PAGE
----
En EspaŅol

Q. Who is Mr. Smarty Plants?

A: There are those who suspect Wildflower Center volunteers are the culpable and capable culprits. Yet, others think staff members play some, albeit small, role. You can torture us with your plant questions, but we will never reveal the Green Guru's secret identity.

Help us grow by giving to the Plant Database Fund or by becoming a member

Did you know you can access the Native Plant Information Network with your web-enabled smartphone?

Share

Ask Mr. Smarty Plants

Ask Mr. Smarty Plants is a free service provided by the staff and volunteers at the Lady Bird Johnson Wildflower Center.

Search Smarty Plants
    
 
See a list of all Smarty Plants questions
Can't find the answer in our existing FAQs, submit a question to Mr. Smarty Plants.
Need help with plant identification, visit the plant identification page.
 
rate this answer
2 ratings

Wednesday - September 28, 2011

From: Darien, IL
Region: Midwest
Topic: Non-Natives, Pruning, Poisonous Plants
Title: Pruning non-native oleanders
Answered by: Nan Hampton

QUESTION:

I have an oleander that has become to "leggy". I read the pruning instructions, but where I want to prune, there are not any leaf nodes. Can I trim below at the base, or will I hurt the plant? I live in Chicago and have had the plant for many years and have not pruned. I bring the plant indoors from Oct - May.

ANSWER:

If you will go to our Ask Mr. Smarty Plants page and enter "oleander" in the Search by Keywords slot, you will see that there are more than 20 questions that appear that are associated with Nerium oleander (oleander).  You will also see, if you read ones (e.g., #268, #522, #6495) that are about oleander alone, that it is a native of northern Africa, the eastern Mediterranean and southeast Asia. It was introduced into the U. S. in the 1800s and now can be found in cultivation and naturalized over the southeastern states, Texas, California, and Utah.  Our focus and expertise here at the Lady Bird Johnson Wildflower Center is with plants native to North America so we are not really who you should be asking about care of your non-native oleander.  However, we can guide you to some information that should help you.

The International Oleander Society has an article, Oleander Culture, with a section on pruning them.  Buzzle.com has an article, Oleander: Pruning Oleander; here is another, Nerium Oleander Care & Pruning, from Botanical-Journeys-Plant-Guide.com.;  and another, The Oleander Plant for Spectacular Blooms, from Plants and Bulbs@Suite 101.  Pruning above the nodes will make the the plant branch there, but the articles all indicate that oleaders can be heavily pruned and continue to do well.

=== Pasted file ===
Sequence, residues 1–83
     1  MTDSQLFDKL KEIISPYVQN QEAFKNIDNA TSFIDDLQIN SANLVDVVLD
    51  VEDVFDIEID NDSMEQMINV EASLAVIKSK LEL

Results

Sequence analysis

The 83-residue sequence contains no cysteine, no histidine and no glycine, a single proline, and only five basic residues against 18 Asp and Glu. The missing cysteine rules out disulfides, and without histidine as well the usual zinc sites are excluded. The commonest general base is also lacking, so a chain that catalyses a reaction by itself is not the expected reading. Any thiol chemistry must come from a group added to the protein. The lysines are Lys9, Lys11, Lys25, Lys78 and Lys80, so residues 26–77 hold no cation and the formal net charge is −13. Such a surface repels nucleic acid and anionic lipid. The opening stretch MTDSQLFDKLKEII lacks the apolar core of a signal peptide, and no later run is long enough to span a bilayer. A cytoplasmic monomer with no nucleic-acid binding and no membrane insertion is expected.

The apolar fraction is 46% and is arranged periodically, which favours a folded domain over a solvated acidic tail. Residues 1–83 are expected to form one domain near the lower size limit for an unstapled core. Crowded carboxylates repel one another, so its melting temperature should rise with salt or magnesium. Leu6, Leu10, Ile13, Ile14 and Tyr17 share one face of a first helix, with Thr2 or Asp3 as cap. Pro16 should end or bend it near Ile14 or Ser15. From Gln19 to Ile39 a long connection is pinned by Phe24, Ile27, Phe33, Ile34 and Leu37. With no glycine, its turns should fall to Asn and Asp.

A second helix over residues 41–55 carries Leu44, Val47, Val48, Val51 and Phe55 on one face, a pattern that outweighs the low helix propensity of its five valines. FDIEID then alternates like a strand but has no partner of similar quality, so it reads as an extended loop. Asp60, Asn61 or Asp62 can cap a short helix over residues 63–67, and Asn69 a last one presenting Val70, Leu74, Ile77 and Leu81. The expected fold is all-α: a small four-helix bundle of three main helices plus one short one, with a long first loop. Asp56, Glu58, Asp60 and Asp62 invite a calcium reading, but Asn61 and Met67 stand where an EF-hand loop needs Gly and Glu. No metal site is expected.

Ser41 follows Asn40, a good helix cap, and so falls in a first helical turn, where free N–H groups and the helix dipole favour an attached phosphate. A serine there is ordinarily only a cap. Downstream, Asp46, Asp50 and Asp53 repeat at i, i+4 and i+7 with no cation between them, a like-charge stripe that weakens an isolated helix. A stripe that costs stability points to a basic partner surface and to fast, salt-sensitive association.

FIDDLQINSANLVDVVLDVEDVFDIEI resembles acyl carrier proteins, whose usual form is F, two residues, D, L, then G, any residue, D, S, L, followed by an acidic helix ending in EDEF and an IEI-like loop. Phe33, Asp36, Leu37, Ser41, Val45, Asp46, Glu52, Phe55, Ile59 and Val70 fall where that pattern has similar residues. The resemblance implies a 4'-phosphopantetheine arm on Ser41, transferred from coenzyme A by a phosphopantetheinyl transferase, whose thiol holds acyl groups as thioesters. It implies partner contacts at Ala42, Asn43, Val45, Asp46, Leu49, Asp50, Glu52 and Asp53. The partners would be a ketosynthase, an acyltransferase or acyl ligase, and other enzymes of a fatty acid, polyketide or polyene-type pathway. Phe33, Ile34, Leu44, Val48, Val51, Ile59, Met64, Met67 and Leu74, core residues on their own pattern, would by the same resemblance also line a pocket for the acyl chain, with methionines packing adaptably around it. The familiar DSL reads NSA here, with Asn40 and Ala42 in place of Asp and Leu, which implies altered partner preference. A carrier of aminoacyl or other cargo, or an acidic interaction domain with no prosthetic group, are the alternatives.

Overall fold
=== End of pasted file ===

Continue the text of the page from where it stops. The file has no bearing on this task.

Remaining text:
When you do prune your plant we would like to remind you of the toxic nature of oleander and suggest that you wear rubber gloves and dispose of the prunings carefully.   The following is a quote from a previous question:

"Nerium oleander is one of the most poisonous plants known, with all parts of the plant being toxic. Ingestion of just one leaf can cause heart attack and death. Some of the poisons it contains are cardiotonic glycoside (oldendrine), prussic acid and rutin. Skin contact with the plant can cause severe dermatitis...We would recommend that it be carefully removed, wearing gloves and protective clothing, bagged and disposed of properly, NOT burned nor consigned to the compost pile, where the toxins would continue to be dangerous."

 

More Pruning Questions

Lilies not blooming from Austin
May 03, 2013 - Last December 8, you published a letter in the Statesman that I had written to you regarding Rain Lilies, Oxblood Lilies, and Copper Lilies. The were sprouting in my garage in a bag. You recommended...
view the full question and answer

Fragrant foundation plants for sunny, dry area in Illinois
August 26, 2009 - We need suggestions of what to plant on the south side of our house heave sun and rather dry soil. We just took out old dead bushes. Would prefer something that flowers and smells nice that would gr...
view the full question and answer

Leaf loss on Cenizo in Bertram TX
November 17, 2009 - I need help with a purple sage (Leucophyllum frutescens) problem. Most of one of my plants started having paler, more greyish leaves, then the leaves began to fall off. It seemed to still look healthy...
view the full question and answer

Rocky Mountain Juniper Grazed by Deer
April 29, 2013 - I have four Colorado red cedar (Juniperus scopulorum). The deer have eaten from their height down. Now these narrow top to bottom evergreens have only tops left. Will the bottom fill in if I protect t...
view the full question and answer

Trimming of Flame acanthus from Bastrop TX
February 17, 2012 - My flame acanthus never lost leaves off the bottom tier of branches this winter. With the brief warm weather and rain we've had, the top and middle tier of branches have all re-leafed. It is very l...
view the full question and answer

Smarty Plants's Facebook profile Support the Wildflower Center by Donating Online or Becoming a Member today.

Mr. Smarty Plants wants you to be his Facebook friend. Click the Facebook icon to add yourself to Mr. Smarty Plants list of friends.
E-NEWSLETTER | BECOME A MEMBER | DONATE NOW | MEDIA | SITEMAP
© 2014 Lady Bird Johnson Wildflower Center